Parents with children in primary school should probably keep an eye on their kids when using the internet even if you do have parental controls.
When it comes to secondary school students, they can be granted more autonomy when using the internet.
You should check that they’re actually using the internet for their work.
It’s very easy on sites like YouTube to get distracted by the other content available. Don’t forget to remain critical of the information you find on the internet, especially what you read on forums.
Too Much Choice
Lots of sites have absolutely tonnes of resources. This is so that anyone can find the English, French, history, geography, or maths resources they’re looking for.
Of course, you should ask yourself whether your child should be studying physics or chemistry if they’re doing just fine in school.
With so much choice, some students struggle to separate the wheat from the chaff and inevitably get demotivated. Encourage them to work little and often and give their study some structure.
Online Academic Support Tools and Resources
If you’ve started tutoring yourself, you’re probably wondering which of these resources you could use to help your students in their studies.
The internet could help you refine your teaching methods.
Here are the top 3 types of tools to use for academic support.
Every tutor needs somewhere they can share important documents and files with their students.
Here are 3 platforms you can use:
- Google Drive
You can share and transfer all types of file formats and on some platforms, you can even modify them live.
Imagine being able to still teach your students from the other side of the world.
You can do so thanks to video conferencing and video chat. Skype is one of the most popular programmes for this.
If you want to teach a whole auditorium, we recommend using BigBlueButton.
#3: Multiple-Choice Tests
To test your students, multiple-choice tests are a great way to complement your lessons.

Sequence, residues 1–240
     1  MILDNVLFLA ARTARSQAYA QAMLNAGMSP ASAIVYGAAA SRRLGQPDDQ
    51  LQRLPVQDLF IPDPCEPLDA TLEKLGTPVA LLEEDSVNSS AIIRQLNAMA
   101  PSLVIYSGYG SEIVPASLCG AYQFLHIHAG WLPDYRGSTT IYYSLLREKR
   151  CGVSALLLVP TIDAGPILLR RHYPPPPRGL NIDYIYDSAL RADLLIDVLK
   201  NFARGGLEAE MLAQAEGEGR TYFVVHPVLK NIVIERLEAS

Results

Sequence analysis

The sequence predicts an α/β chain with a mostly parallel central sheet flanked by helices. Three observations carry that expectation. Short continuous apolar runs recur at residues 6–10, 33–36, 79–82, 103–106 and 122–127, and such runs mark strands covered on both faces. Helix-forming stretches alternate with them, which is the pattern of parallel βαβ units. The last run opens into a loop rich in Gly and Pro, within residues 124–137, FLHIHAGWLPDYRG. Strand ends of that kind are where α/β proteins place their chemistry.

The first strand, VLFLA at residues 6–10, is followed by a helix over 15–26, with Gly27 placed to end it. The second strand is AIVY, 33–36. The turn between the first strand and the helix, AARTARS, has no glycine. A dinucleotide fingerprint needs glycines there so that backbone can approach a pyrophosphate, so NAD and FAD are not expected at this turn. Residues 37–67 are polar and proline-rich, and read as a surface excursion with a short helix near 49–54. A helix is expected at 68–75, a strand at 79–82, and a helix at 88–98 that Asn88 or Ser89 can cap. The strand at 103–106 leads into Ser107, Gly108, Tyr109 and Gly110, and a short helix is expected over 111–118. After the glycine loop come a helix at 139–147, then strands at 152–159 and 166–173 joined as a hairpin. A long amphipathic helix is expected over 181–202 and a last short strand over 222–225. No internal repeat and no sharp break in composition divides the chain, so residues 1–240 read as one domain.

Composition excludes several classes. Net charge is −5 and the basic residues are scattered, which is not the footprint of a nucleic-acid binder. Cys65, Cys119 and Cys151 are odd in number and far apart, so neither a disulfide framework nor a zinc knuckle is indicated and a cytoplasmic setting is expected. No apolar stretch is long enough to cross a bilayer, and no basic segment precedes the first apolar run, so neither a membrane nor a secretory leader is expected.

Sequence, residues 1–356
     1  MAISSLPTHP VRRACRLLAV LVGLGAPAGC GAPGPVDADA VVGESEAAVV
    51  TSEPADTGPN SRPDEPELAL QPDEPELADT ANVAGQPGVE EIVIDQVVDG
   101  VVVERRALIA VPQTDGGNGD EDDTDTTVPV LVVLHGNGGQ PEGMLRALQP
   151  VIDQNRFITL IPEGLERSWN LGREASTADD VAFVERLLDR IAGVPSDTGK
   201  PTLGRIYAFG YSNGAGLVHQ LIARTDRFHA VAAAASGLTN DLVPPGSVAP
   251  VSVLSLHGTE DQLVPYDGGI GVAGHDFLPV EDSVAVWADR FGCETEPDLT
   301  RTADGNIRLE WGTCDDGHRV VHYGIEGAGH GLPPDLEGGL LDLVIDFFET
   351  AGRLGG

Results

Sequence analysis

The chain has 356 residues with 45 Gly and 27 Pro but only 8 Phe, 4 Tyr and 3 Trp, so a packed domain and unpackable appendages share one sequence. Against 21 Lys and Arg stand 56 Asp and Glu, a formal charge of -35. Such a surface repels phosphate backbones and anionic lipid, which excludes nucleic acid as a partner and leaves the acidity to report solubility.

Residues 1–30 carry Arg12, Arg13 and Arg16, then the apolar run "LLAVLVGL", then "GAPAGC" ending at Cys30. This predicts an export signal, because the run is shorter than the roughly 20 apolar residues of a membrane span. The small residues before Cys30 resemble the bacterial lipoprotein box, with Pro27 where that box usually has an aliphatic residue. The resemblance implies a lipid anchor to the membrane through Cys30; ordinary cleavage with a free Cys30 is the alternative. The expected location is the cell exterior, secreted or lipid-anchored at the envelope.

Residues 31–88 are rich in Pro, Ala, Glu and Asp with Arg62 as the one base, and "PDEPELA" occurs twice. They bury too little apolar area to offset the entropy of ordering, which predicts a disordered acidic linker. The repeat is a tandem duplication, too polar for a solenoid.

They’re easy to set up and easy to correct. You can use them to check what your students have learnt and what they need to study.
While you can use Excel, you can also use:
- Google Forms
Other Programmes to Use
Depending on your IT skills, there are a few other programmes that you can use to improve your webcam tutorials or private tutorials. Some of the most important include:
- Digital notepads
- Virtual Learning Environments
- Digital whiteboards
- Audio and video equipment for podcasts or videos
- Digital Textbooks
What About Free Sites?
The web is the future of free content. That’s also true for content on the national curriculum. There are plenty of free sites that can help students study for their SATs, GCSEs, or A Levels.
It’s also a great way for students to regularly study for their exams. Of course, these resources are rarely good enough to fully replace their classes. Without assistance, even the best students run the risk of their grades going down if they’re only using free online resources.
MOOCs: The New, and Free, Way to Learn
Although MOOCs were created in 2002, it wouldn’t be until 2008 that they’d start resembling the platforms we know today.
These courses (MOOC is short for Massive Open Online Course) are free, accessible to everyone, and mainly aimed at university-level students. You just have to sign up.
Thanks to video conferencing, whether you're an English tutor, chemistry tutor, or a writing tutor, you can broadcast your lessons to internet users. These users can ask them questions on forums and chats, too.
While most of the courses are at a university level, there are MOOCs popping up for secondary and primary school pupils.
In fact, Khan Academy, one of the most popular MOOCs, offers video courses on maths and science to primary school and secondary school kids.
Some students learn better by watching videos.
MOOCs can be a formidable academic support tool for those studying at university or doing their A Levels.
You’ve probably gathered that we’re big fans of online academic support. However, it can never fully replace an actual teacher. Don’t forget that it exists and is a great way to get supplemental instruction in a number of subjects. While most of the courses are at an undergraduate level, there are more and more courses to help with secondary school studies.
For students struggling, it’s probably a better idea for their parents to work with them and even consider hiring a qualified private tutor to help them succeed at school. Even if they're not struggling, private tutoring can help a learner with exam preparation, doing their homework, or writing an essay.
If you're looking for writing tutors, physics tutors, or whatever, you can find the best tutors near me on dedicated sites and platforms like Superprof. To find a tutor, you just need to search either the subject (biology, economics, accounting, psychology, etc.) or a topic (study skills, test prep, etc.) and say whether you want online tutoring services via webcam or one to one tutoring.